Doctoral learner’s first look at GCU is an eye-opener
By Rick Vacek
GCU News Bureau
If Jayme Miles looked comfortable Thursday morning as she settled into a cushy chair outside her classroom, well, it’s because she was.
But the chair wasn’t the only reason.
The vocational counselor from Winchester, Va., is in the doctoral program at Grand Canyon University, and she was on campus for the first time to take part in one of the residencies that the College of Doctoral Studies puts on regularly to help learners march onward toward completing their dissertations.
Was she enjoying the experience? Was the chair comfy?
“I’m very proud to say that I’m from (GCU) and I’m a product of the education,” she said. “The campus is beautiful, the people are super friendly, and the professors are very friendly and open to helping.
“You put all the pieces together and you realize that all of this has come together and they’ve helped me achieve my goals. It’s pretty amazing, actually — a little overwhelming.”
Had never been west
And, once again, there was another reason. This week marked the first time the lifelong East Coast resident — she grew up near Pittsburgh — had ever been on the left side of the Eastern Time Zone.
Miles also got her master’s degree, a combination of an MBA and Master of Science in Leadership, from GCU in 2015, but she was an online student and didn’t visit campus. She also got her undergraduate degree online, from Bellevue (Neb.) University, and never made the trek west.
So Miles decided it was time to see first-hand what GCU is all about. The cost of the residency, with lodging at Grand Canyon University Hotel and meals on campus or at the Canyon 49 Grill, is covered by financial aid, which meant her only new expense was the price of the plane ticket.
Miles was in the doctoral program at another university before switching to GCU, and it quickly has become apparent to her that the level of assistance GCU offers is unmatched — this week has only confirmed her perception.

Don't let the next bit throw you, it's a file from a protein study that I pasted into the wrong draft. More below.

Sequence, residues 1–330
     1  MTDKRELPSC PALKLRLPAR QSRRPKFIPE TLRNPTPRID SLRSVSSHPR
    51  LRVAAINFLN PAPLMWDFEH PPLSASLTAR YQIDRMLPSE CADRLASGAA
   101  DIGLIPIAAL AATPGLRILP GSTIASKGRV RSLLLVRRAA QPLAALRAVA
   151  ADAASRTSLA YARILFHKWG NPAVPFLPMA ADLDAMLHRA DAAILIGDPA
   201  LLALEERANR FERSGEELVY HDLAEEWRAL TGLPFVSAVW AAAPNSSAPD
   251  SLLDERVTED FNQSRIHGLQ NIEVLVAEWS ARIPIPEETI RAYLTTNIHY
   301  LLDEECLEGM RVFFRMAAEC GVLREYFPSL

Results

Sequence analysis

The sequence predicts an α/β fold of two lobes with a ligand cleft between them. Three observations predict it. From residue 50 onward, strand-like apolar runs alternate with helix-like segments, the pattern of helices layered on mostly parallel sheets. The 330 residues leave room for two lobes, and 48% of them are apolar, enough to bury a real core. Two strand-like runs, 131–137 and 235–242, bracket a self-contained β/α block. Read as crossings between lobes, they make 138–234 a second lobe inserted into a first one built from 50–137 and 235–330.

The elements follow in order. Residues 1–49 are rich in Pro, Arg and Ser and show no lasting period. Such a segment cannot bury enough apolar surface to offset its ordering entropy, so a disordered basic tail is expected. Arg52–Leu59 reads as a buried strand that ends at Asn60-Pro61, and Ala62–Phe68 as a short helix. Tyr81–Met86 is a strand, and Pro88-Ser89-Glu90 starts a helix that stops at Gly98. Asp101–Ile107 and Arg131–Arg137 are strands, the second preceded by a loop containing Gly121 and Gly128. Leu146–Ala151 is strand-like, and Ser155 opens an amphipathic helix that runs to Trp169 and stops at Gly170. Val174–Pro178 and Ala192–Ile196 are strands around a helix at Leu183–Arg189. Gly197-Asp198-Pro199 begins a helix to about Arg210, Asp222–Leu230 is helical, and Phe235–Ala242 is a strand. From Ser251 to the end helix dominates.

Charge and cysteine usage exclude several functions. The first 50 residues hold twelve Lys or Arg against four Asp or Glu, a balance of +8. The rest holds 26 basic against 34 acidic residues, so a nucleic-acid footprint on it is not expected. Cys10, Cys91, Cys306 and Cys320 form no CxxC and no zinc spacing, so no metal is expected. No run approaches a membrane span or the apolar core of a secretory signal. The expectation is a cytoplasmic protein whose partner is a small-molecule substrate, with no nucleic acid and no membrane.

“The professors have been much more helpful,” she said. “They’re helping us not only to know the steps that we need to take, but they’re helping us to develop our self-efficacy, which is super important at this level. If we’re not self-efficacious in our education and pursuing it on our own, we’re never going to get through the certification process.”
Important social aspect
One of the professors doing that work this week is Dr. Jason Ward, a senior doctoral adjunct who has been a lead instructor for at least three or four GCU residencies a year since 2011. He views the face time between instructor and learner as important, but there’s a learner-to-learner component that’s equally valuable.
“We do spend a lot of individual one-on-one time with every learner and it gives them a renewed focus, but they leave residency at the end of the week — and I hear this every year — feeling rejuvenated and ready to hit the road running,” he said. “It’s a jumpstart to getting them motivated and moving in the right direction.
“This is also very wonderful for interpersonal experiences and relationships. When they leave residency at 5 o’clock, they go out with one another and enjoy one another’s company talking about their research, but in a more informal setting. They are able to bounce ideas off one another. That part of it is one area that sometimes is lacking for learners in the online sector.”
For the first time, the residency featured another important experience: a Mini-Conference on Tuesday night with talks by doctoral leaders and instructors, including Ward. It was organized in conjunction with the DC Cohort Leadership group.
Having everyone together on campus also makes a difference. As Ward put it, “It makes the focus more, ‘OK, I’m at school and I’m learning.’ I think that’s really important even though they’re adult learners and they can learn in any setting.”
Miles has noticed it, too. She attended a residency at the other university when she was in that program, and this week has given her an entirely different feeling.
“Grand Canyon has been phenomenal,” she said. “It has real people behind the professors, which the other university did not. You have somebody who is walking this journey with you and is going to help you achieve your goals. That’s profound. And I love the way the classrooms are clustered together.”
Said Ward, “The residencies are really the highlight of the doctoral experience and program. Whether the learners are in a ground cohort or are online, they still have this extended experience with other learners and they live with one another for an entire week. It gives them the opportunity to really dig deeper into what they want to study and get additional help.”
Miles is about halfway through the three-year doctoral program, and she already is planning on returning for another residency next year and, of course, commencement.
She probably won’t stop there.
“I’ve got two more trips out here,” she said, “but I think it’s going to be more than that.”
Contact Rick Vacek at (602) 639-8203 or firstname.lastname@example.org.